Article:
This Happened at the Yoga Pool – Anne Skyvington

This Happened at the Yoga Pool – Anne Skyvington

Jeannie is one of these inch worm types. One toe in, one toe back. The cold has always been alien. From birth, really. Even today, she shivers with the water temperature around 20 degrees. Babies are gurgling in mothers’ arms in the pool, for God’s sake.

Cassius with the lean and hungry look is descending the stairs. Italian background, perhaps? You can’t help but notice him. He’s wearing long black tights. Nothing else. She sees the bulge as he mounts the cement block. Has he just come from yoga? The Breathing Space? That would explain the tights.

A shallow dive from his perch on high. The deep end is not so deep. Heart-stopping … gasp…! The thin man’s head emerges intact, midway down the pool. No problem. She breathes out, a sigh of relief.

Breaking the ice is the problem for Jeannie. Rubbing water on her legs, her arms. It doesn’t help much. She flinches. Retreats, as a small child jumps in, splashing her.

Immersing the neck and the head is the worst. Actual pain. What a waste, if you’ve just washed and primped your hair. Still, it’s over once your hair is wet.

She knows … knows it all… seeking enlightenment, even, doesn’t help.

Cassius is doing laps. Such style, such graceful ease, arms arced at the elbows, breathing in and out on either side.

She’s immersed now in maternal liquid. The whole body baptized. Is the water getting warmer? Or has her body adjusted to the cold? There are warm spots in the water. Do adults urinate in the pool? She thinks of the French word for swimming pool, piscine, that reminds her of this possibility.

Jeannie notices people. The matriarch with the white cotton hat. Standing in the water up to her neck. Watching. Greek background? German, perhaps? The middle-aged man with white hairs on his shoulders. Like a bear. A new baby makes swimming motions, safe in its father’s grasp. Little arms and legs moving back and forth like a turtle. The French family, doing perfect Australian crawl.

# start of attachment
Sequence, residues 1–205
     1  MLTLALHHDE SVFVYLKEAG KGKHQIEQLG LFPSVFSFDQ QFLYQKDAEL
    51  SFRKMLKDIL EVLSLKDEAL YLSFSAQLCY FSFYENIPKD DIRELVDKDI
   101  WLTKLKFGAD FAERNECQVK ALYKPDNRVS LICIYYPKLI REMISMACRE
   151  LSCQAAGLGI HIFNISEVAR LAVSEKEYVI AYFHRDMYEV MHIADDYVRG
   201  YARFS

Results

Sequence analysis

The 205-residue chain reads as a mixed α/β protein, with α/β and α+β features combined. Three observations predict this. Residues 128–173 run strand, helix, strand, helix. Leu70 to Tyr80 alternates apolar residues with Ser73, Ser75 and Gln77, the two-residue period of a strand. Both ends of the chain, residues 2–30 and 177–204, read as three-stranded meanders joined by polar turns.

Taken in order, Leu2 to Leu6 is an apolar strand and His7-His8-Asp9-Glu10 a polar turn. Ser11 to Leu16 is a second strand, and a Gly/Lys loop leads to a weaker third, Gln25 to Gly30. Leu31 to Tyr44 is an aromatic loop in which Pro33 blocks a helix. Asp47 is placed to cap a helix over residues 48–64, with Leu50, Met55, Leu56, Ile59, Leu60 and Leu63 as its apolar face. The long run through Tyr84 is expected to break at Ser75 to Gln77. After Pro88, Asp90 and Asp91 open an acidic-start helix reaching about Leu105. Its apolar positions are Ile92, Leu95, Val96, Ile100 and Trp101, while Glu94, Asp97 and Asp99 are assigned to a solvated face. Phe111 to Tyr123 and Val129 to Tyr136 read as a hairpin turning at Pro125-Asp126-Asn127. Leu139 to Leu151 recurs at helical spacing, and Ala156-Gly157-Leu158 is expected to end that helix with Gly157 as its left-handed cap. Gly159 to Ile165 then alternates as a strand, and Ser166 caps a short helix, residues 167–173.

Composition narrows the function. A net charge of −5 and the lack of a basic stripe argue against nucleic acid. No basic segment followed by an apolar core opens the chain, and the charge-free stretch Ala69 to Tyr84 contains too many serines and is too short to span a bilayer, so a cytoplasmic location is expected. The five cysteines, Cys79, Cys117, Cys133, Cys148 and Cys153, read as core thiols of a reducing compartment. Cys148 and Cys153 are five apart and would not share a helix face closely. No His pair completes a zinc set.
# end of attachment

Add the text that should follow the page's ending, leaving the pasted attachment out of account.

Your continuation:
Cassius is heading for the block again. Another shallow dive. Effortless. She breathes through it this time, knowing now that he will avoid smashing his head on the rock-hard bottom, avoid causing crimson blood to rise to the surface.

The white-hatted woman stares at him. Frozen. He meets her gaze. She points to the signage at the steps of the pool. Dozens of small icons. Jeannie follows the direction of the sharp finger. Hard to see from here. A dog with a slash across it? A diver with a red cross through it? Is there one for urinating? She thinks not.

‘Diving is not allowed in here,’ the woman scolds, ‘it says so on the sign.’

‘I know how to do it,’ he says, ‘without hurting myself. From years and years of practice.’ He’d chosen a space when it was clear of bodies too. No children in the way.

‘It is to protect others,’ the woman says. ‘Children … from getting hurt.’

Jeannie can see both sides. She’s seen teenagers jumping and skylarking from the high cliffs at the Surf Club tidal pool. No one’s ever said anything to them. Not even the lifesavers.

As she treads water, half-wading, towards the end of the pool, she meets his gaze. Dark eyes. Intelligent. Brooding.

‘I don’t care,’ he says, ‘about other people’s fears.’ She flinches inwardly, desiring to know more. Perhaps he’s read that recent book she’s seen somewhere about not giving a care. Four-and-a-half stars on Amazon. ‘I’ve recovered twice from brain damage,’ he lets slip out, ‘anyway.’

She wants to ask questions, find out more about him, but he’s off, probably sorry that the words have escaped his secret mouth. Smoothly tanned, his hair a little longer than the norm, but neat.

She watches as he springs out of the pool at the deep end. Lithe. Self possessed.